In the February-March issue of the American scientific journal Scientific American for 2008, in the Mind and Brain section, writer and documentary filmmaker Chip Walters published an article Lip-line: why do we kiss? In it, quoting the British zoologist Desmond Morris, he proves that the manner of kissing comes from the habit of primates to chew on food before handing it to the young. Chimpanzee females, for example, are known for chewing on food, before swallowing it, pressing their lips to the lips of the smallest babies so that the food can get into their mouths. Thus, pressing lips to lips could become a way to relieve tension and nervousness.
The classic explanation for the effect of this effect is that the combination of lip stimulation with the sensation of the taste of food and even the simple touch of individuals to each other’s lips ultimately excites the sensation of pleasure. Add to this an abundance of nerve endings in the lips, and you get a ready-made recipe for ecstasy.
How lips work
Human lips are exceptionally susceptible (albeit sometimes slightly slobbery) parts of our flesh. The part of the brain that is responsible for recognizing touch or touch, it is also a tactile sensation, is called the somatosensory cortex. It is located in the parietal lobe of the cerebral hemispheres and is located along the so-called postcentral gyrus. Tactile sensations from all parts of the body are received and processed here. Each of them has its own area along the postcentral gyrus. The size of this area reflects the number of receptors rather than the surface area of the skin that can be touched. For example, areas reflecting sensations that come from the chest or abdomen are relatively small. On the contrary, the areas that treat the sensations from the hands and lips are simply gigantic. Just as the hands are one of the main tools for the knowledge of the world, the same function is performed by the lips.
As researcher Gordon Gallup notes, in those cultures that do not know kisses, sexual partners can blow each other in the face, lick, suck, or rub her or his face before engaging in sexual intercourse.But the so-called Eskimo kiss is not intended to just rub noses, as the first polar explorers believed; his goal sniffing is the exchange of smells. Probably, the act of kissing could arise as a pleasant way to sense the smell of a partner for a romantic relationship.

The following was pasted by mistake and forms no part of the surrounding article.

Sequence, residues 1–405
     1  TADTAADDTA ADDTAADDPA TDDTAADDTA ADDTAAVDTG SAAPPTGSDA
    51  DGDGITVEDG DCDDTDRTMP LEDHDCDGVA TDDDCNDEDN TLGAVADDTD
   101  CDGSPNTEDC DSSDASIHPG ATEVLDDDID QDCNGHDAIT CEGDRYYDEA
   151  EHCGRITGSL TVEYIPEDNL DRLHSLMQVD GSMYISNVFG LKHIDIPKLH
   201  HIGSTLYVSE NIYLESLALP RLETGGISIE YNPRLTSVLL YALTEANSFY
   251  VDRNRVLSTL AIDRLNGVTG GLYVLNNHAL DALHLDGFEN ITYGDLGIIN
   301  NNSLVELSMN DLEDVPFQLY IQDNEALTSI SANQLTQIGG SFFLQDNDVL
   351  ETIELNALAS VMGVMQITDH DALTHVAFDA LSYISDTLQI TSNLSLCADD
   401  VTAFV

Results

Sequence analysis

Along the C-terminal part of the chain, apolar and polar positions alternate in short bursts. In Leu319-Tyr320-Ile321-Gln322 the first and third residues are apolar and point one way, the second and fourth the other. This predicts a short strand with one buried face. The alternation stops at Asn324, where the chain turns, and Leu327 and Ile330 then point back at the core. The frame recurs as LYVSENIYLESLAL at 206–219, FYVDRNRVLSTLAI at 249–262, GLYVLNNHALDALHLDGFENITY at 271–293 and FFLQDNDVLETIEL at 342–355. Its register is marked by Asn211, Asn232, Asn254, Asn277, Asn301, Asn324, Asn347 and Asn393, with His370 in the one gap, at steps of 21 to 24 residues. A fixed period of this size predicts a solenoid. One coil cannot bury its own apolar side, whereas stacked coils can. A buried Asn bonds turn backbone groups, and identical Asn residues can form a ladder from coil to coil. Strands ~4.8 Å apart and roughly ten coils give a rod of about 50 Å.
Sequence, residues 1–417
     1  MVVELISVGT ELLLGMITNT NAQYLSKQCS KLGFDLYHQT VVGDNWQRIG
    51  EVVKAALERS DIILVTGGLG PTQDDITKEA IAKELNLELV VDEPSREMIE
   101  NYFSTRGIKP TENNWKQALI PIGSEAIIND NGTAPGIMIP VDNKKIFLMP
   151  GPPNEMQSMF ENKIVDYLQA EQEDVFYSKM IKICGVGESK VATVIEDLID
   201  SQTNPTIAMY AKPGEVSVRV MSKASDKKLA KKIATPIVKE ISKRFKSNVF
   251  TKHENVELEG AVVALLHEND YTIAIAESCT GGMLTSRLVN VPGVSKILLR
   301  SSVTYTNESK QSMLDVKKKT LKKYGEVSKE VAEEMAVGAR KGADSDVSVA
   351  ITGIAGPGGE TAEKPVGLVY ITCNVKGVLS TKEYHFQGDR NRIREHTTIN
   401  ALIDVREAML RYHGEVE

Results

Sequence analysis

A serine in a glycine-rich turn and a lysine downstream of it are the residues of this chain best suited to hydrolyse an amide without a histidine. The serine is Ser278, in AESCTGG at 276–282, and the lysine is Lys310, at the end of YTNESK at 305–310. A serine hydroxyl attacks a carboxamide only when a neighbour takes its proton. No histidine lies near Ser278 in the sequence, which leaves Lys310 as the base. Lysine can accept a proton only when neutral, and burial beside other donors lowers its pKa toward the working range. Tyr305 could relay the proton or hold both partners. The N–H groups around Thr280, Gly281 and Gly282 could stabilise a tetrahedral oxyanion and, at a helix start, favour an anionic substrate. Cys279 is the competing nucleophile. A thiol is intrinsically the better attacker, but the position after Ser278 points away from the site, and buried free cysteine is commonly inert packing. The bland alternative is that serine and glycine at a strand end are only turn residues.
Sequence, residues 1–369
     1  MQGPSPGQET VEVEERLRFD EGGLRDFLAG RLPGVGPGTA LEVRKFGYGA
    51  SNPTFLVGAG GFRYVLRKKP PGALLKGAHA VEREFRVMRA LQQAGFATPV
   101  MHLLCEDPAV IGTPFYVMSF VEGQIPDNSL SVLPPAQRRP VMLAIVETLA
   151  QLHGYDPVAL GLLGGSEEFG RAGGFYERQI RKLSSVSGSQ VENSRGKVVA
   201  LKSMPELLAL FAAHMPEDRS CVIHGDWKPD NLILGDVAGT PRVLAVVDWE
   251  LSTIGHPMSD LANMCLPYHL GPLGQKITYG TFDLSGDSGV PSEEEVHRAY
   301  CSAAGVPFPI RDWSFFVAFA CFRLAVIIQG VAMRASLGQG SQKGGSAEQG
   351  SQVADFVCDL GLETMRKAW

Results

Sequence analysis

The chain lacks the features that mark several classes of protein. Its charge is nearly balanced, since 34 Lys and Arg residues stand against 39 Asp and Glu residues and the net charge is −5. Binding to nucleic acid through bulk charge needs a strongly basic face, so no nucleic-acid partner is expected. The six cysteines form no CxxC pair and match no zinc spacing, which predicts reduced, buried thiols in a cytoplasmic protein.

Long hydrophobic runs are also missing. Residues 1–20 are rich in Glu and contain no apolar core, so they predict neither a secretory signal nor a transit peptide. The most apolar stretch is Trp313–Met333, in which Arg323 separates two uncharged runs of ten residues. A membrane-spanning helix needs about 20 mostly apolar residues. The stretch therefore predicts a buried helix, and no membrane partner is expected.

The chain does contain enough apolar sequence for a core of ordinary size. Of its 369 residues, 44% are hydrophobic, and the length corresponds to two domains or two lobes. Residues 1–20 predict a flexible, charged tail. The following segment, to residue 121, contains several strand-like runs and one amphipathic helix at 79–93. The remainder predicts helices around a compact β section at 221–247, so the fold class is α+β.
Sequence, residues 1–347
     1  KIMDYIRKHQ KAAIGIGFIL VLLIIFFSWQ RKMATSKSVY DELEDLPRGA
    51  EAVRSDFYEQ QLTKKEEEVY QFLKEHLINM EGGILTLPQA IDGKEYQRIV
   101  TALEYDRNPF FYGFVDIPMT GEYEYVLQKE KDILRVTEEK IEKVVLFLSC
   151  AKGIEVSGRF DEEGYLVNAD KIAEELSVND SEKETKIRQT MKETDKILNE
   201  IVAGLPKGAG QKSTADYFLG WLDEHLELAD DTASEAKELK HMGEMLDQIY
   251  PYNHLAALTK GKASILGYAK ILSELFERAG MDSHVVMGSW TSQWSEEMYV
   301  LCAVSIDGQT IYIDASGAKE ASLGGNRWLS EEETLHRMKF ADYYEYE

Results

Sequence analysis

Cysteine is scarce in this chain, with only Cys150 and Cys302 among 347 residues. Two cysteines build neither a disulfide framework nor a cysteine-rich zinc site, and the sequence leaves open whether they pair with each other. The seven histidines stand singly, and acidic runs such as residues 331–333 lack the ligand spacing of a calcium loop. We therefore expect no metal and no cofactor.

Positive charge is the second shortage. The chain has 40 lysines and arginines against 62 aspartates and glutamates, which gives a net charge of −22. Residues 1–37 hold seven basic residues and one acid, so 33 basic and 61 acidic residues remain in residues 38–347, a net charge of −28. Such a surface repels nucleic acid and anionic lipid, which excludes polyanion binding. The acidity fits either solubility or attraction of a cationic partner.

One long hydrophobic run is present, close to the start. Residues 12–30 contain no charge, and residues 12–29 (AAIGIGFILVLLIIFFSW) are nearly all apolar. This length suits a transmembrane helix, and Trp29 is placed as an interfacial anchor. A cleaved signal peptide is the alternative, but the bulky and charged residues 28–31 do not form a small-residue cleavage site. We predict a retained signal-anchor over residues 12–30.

And now we will exchange smells ...
Gallup studied the manner of kissing in a group of people who know something about it - students of American colleges. He and his colleagues found that the main method by which women of college age determine whether their partner kisses well was based on chemical markers, taste and smell. Research participants stated that they would be less likely to make love to a man without first kissing him. No matter if people have pheromones, i.e. substances that are stimulated by the body, in particular, sexual attraction, or not, and whether we are able to catch them, if we have them, kisses stimulate the exchange of body odors that convey abyss of information about things like, say, the original cleanliness.
In another study that Gallup conducted, he asked respondents a question: did you find yourself in a situation where, when you were initially attracted to someone, you discovered after the first kiss that interest was gone? Of those tested, 59% of men and 66% of women gave an affirmative answer.
Although his studies were obviously limited to students of American colleges, a comparison of the results obtained with intercultural studies and observations of animal behavior suggests that close contact, which occurs during a kiss, gives kissing people the opportunity to sniff at each other. Whether we realize it or not, but kisses allow us to make a conclusion about potential compatibility with those we desire.